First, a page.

This is the year we focus on making our guests happy. This means placing customers and their needs at the centre of everything we do. Salesforce is the heart of this customer-obsessed approach”

Tony Fernandes, AirAsia Group CEO
 

400,000+

people registered for the AirAsia Community Knowledge Base

 

AirAsia Customer Happiness department must be one of the hardest working teams in aviation. They are not only charged with managing customer support for the nine airlines that make up the AirAsia family, but must do so in eight languages and across six communication channels.

That’s a mighty task and one that is vital to the ongoing success of AirAsia as the company puts a renewed focus on customer satisfaction.

AirAsia also looks after its employees. AirAsia head office in Kuala Lumpur – known as RedQ – which aims to be a home away from home for its people. From an on-site physiotherapy centre, gym and doctor’s clinic, to a hairdresser, sleep pods, food stalls and even a fun slide, AirAsia cares about employees’ health and wellbeing.

The company is deeply committed to innovation. There is a dedicated innovation centre at RedQ, and the company has pioneered new facial recognition technology, called FACES (Fast Airport Clearance Experience System), that is used for seamless automatic passenger boarding.

Now the company is applying its expertise in innovation to the overall customer experience. The first step, says Mimi Phua, Group Head of Customer Happiness,  is to streamline the company’s expansive communications network.

“Traditionally, our customer communication channels have not been managed through a central system,” says Phua. “We have six call centres all in different locations, web forms were managed through a variety of platforms with varying degrees of compatibility with each other.”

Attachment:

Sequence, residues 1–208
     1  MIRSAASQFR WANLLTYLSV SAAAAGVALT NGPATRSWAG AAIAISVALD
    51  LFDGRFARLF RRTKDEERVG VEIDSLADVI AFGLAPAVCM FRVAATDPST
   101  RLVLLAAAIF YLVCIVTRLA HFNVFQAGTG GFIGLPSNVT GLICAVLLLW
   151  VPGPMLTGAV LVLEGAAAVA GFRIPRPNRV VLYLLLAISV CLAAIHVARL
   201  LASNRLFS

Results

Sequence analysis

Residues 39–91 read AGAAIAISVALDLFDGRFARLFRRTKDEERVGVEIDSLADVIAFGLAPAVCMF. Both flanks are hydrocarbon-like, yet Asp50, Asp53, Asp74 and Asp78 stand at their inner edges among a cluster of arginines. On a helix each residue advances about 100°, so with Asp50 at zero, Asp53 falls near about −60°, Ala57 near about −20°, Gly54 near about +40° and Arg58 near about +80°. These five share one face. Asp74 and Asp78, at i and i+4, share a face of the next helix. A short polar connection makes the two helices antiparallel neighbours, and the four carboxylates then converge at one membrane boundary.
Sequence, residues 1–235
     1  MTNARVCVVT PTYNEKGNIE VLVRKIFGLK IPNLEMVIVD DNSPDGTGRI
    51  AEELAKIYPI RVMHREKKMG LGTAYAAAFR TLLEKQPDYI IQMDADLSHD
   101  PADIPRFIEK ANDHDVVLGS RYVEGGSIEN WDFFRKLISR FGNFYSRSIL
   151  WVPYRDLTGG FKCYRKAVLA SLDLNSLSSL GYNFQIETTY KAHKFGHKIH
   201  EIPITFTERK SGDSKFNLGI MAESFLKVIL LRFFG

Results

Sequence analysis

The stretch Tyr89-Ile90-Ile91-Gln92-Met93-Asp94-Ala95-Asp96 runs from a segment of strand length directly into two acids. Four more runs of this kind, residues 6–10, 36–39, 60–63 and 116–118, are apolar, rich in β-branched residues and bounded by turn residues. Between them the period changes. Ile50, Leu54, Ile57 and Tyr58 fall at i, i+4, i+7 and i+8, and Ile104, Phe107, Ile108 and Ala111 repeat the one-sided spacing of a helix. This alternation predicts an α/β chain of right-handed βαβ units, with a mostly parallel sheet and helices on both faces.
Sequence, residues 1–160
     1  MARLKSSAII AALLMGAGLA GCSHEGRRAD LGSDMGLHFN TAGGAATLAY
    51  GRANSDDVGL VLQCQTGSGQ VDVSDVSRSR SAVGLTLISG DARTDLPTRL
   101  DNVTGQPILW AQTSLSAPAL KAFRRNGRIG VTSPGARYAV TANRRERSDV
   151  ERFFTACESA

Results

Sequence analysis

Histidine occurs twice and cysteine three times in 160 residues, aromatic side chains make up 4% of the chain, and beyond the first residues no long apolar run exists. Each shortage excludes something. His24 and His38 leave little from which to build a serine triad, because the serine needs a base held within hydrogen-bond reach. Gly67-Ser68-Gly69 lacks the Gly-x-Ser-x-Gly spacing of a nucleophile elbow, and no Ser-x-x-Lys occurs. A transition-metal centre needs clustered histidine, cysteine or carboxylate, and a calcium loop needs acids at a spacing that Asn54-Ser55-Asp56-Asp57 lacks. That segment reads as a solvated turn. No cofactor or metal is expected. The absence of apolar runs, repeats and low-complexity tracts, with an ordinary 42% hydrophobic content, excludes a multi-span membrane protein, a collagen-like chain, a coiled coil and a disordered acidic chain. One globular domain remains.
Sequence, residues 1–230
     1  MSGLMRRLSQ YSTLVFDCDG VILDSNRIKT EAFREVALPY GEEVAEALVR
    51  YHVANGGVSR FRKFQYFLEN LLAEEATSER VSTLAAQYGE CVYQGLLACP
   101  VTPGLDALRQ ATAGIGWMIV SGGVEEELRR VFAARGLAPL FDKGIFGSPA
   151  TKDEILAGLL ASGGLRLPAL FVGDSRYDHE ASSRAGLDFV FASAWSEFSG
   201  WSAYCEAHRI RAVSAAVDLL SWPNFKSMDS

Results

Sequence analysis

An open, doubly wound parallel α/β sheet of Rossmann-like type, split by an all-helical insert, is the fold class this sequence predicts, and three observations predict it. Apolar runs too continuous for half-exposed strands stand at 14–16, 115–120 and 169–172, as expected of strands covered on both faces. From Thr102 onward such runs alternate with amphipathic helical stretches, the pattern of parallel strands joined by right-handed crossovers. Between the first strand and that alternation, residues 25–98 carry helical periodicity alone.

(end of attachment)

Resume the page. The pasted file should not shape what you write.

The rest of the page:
The result was silo thinking that put the onus on the customer to use the right communication channel for the right request in the right location.

“Our call centres operated on airline codes and guests would need to contact the call centre in the destination city of the flight,” says Phua. “So, for example, if a UK guest who happens to be in China called the China call centre to make changes to her flight to the Philippines, staff there would have to ask her to please call the Philippines call centre instead.”

That was frustrating for customers who don’t understand – or care about – AirAsia’s internal processes, but just wanted to make a simple change to their flight or obtain current information about flight delays.

Language was also an issue as customers were asked to contact the call centre in their destination city with little concern for language barriers.

“That’s all changing,” says Phua. “Our guests see us as one organisation. We want guests to be able to communicate with us on their own terms.”  This new centralised approach is made possible, in part, by AirAsia’s recent adoption of Salesforce Service Cloud.

Phua explains that Service Cloud is bringing together web forms, live chat, social media and phone communications to create a 360-degree view of customer service cases that can be centrally managed in the appropriate language.

“Salesforce is helping us to clean up customer communications and standardise all customer touch points. It’s also reducing the handling time of customer service cases on our side, as well as giving us the ability to see how each channel are handling communications with our guests.”

Customer data collected through Service Cloud also plays a role in AirAsia’s strategic decision making -  through the company’s quest for continuous improvement.

“Salesforce data helps us to pinpoint areas in the customer experience that need to change,” explains Phua. “For example, we are able to identify instances where guests don’t understand aspects of our product and as a result, where areas of our website may need to be simplified.”